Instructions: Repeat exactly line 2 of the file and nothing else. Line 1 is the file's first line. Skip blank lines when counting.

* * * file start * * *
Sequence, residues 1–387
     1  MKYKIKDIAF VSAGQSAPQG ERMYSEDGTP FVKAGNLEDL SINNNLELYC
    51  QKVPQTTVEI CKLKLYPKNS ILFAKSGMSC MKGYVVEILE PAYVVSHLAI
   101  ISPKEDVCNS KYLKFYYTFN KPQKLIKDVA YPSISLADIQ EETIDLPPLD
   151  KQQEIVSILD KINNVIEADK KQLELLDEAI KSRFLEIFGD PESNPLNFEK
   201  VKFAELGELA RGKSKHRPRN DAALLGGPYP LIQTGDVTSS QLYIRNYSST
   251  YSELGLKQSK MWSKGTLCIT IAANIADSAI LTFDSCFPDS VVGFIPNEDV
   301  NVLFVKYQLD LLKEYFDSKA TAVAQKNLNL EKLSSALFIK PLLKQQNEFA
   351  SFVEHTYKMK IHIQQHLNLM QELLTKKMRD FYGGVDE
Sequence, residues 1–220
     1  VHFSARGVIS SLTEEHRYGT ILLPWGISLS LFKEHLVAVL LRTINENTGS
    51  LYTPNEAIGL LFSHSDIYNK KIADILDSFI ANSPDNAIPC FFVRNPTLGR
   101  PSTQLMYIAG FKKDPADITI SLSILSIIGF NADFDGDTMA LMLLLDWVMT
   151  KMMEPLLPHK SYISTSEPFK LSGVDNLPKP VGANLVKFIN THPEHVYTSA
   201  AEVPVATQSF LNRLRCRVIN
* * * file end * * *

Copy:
     1  MKYKIKDIAF VSAGQSAPQG ERMYSEDGTP FVKAGNLEDL SINNNLELYC